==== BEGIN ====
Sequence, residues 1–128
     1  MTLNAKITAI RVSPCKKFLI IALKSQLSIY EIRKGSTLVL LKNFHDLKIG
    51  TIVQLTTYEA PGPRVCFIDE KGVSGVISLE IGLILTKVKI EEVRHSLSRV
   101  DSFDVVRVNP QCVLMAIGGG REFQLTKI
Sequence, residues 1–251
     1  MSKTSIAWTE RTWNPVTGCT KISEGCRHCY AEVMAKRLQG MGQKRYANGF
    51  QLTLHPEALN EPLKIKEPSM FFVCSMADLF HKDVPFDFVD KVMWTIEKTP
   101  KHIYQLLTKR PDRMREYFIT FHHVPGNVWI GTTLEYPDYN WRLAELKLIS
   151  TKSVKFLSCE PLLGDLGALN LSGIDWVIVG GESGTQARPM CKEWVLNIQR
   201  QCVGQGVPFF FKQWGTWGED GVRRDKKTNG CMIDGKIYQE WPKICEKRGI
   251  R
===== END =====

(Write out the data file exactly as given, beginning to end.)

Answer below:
Sequence, residues 1–128
     1  MTLNAKITAI RVSPCKKFLI IALKSQLSIY EIRKGSTLVL LKNFHDLKIG
    51  TIVQLTTYEA PGPRVCFIDE KGVSGVISLE IGLILTKVKI EEVRHSLSRV
   101  DSFDVVRVNP QCVLMAIGGG REFQLTKI
Sequence, residues 1–251
     1  MSKTSIAWTE RTWNPVTGCT KISEGCRHCY AEVMAKRLQG MGQKRYANGF
    51  QLTLHPEALN EPLKIKEPSM FFVCSMADLF HKDVPFDFVD KVMWTIEKTP
   101  KHIYQLLTKR PDRMREYFIT FHHVPGNVWI GTTLEYPDYN WRLAELKLIS
   151  TKSVKFLSCE PLLGDLGALN LSGIDWVIVG GESGTQARPM CKEWVLNIQR
   201  QCVGQGVPFF FKQWGTWGED GVRRDKKTNG CMIDGKIYQE WPKICEKRGI
   251  R